The New Student's Reference Work/University of Chicago, The

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University of Chicago, The, at Chicago, Ill., is the successor to a Baptist University of Chicago (1857-86) whose graduates are considered alumni of the present institution. The old college showed the interest of Chicago, from its youth, in higher education, and it did good work. When it died, Mr. John D. Rockefeller (q. v.) suggested to the American Baptist Educational Society that it be revived. Mr. Rockefeller himself contributed the greater part of the endowment, having in all given the new institution $23,924,322. Marshall Field (q. v.), S. A. Kent, Martin A. Ryerson, Miss Helen Culver, Mrs. Emmons Blaine and many other Chicagoans have donated over $3,000,000 more. Mr. Charles Yerkes contributed $300,000 for the erection of the university's observatory at Lake Geneva, Wis., and for placing the largest telescope in the world in it. The result was the organization of Chicago university. It was chartered in 1890, Dr. William R. Harper (q. v.) was called from Yale Divinity School to become its president, and teaching began on Oct. 1, 1892. The president and two thirds of the trustees must be Baptists, but the university is nondenominational as well as coëducational.

The university, in its organization, enjoyed every advantage that American ability and aspiration, the fullest educational experience and knowledge and the command of enormous financial resources could give. It was therefore planned on the broadest lines and with a special view to growth and change in the future, so that it shall, as far as men can foresee, adapt itself in every way to the demands of modern life as they arise. It therefore emphasized graduate study and research work; established study in summer as well as in autumn, winter and spring, thus adding 25% to the working year; gave an important place to university extension (q. v.); founded a system of affiliated colleges and schools whose students have special privileges in the university; and employed so large a corps of teachers that classes can be kept small, however many the students, and each individual receive personal attention. The university is organized into the five departments of schools, colleges and academies; university extension; libraries, laboratories and museums; the press; and affiliated schools. The first department includes schools of divinity, education, law, medicine and science, to which are to be added schools of fine arts, music and technology; colleges of arts, of commerce and administration, of literature, of science and University College; and numerous affiliated academies or preparatory schools. The divinity school includes five theological seminaries. The medical school has Rush Medical College affiliated with it. The commercial college teaches banking, journalism, trade and industry and transportation. University College is designed chiefly for teachers, and is conducted in the center of Chicago (q. v.) by the university. The university's extension offers courses by correspondence and lectures in the same subjects as the university itself, and the student who completes courses in the extension receives credit as a student in the university, which by means of this department comes into touch with the people and with public education.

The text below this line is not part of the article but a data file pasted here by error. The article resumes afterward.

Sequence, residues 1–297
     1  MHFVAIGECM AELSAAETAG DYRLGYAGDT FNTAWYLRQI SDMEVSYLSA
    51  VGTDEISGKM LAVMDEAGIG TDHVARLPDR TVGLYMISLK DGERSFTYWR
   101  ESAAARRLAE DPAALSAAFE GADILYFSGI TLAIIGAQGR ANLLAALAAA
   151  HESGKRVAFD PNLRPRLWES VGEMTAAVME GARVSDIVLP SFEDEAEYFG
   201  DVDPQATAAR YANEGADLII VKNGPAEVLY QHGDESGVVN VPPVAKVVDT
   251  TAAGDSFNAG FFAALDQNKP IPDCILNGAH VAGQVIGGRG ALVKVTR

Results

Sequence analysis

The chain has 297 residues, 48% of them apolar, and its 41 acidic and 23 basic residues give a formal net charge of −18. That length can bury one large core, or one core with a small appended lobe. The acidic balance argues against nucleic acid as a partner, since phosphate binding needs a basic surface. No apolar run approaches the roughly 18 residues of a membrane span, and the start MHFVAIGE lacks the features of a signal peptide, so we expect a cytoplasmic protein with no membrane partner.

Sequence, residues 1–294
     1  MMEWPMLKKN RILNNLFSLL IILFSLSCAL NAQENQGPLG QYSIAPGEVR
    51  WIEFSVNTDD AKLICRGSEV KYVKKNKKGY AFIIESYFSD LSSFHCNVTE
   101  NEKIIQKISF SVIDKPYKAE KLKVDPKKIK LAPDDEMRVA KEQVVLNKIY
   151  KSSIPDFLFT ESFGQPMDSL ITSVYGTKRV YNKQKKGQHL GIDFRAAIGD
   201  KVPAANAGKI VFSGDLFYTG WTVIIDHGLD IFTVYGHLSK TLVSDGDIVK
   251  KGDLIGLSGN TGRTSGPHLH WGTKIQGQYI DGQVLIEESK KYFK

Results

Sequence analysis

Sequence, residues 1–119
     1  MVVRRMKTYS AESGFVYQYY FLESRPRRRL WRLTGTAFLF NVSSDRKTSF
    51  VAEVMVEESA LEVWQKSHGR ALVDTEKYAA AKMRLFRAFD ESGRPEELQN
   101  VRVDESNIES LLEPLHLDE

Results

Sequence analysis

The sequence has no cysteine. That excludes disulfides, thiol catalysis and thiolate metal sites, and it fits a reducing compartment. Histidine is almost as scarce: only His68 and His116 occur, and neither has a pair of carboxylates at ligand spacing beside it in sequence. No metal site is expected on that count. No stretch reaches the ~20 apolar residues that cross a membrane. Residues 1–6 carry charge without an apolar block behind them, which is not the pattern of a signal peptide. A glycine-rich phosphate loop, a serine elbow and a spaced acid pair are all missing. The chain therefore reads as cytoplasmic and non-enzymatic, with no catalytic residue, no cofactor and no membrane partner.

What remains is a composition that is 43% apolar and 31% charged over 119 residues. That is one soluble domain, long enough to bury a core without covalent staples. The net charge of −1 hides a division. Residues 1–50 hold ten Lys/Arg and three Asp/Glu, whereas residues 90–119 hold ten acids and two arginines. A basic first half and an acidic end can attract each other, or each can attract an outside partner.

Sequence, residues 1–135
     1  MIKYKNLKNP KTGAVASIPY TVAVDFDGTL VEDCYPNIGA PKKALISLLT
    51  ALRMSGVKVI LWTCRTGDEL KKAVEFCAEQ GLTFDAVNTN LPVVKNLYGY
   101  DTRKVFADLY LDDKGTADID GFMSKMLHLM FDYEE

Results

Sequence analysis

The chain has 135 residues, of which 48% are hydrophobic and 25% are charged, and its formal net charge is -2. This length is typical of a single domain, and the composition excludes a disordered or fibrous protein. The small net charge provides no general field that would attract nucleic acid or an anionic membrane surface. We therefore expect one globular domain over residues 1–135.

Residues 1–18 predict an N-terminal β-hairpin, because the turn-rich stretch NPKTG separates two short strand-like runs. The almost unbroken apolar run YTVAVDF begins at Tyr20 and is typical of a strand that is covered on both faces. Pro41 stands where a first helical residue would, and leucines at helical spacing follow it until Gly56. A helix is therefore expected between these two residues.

The courses continue 12 weeks or six, each requiring four or five hours a week in the class. Teachers and others outside the university attend largely in summer, and every year more and more students themselves attend them. A few students reside in the houses of their societies, about a third in dormitories on the campus, but the greater part elsewhere in the city or in suburbs.

The grounds and buildings occupy a tract at 69th street (Midway Plaisance), between Jackson and Washington Parks, about seven miles from the heart of the city. The buildings, which are beautiful and very numerous, are in the English Gothic style of architecture, and grouped impressively on a plan of quadrangles. There are now 334 instructors and over 3,000 students. The requirements for admission are as severe as those of any American college or university, and the standard of scholarship is high. Consequently the university stands in the front rank of American schools of higher learning. The libraries number 461,385 volumes, exclusive of 170,000 pamphlets. In 1907 the productive funds were $12,974,211; the receipts from benefactions $5,926,989; and the income $1,222,353.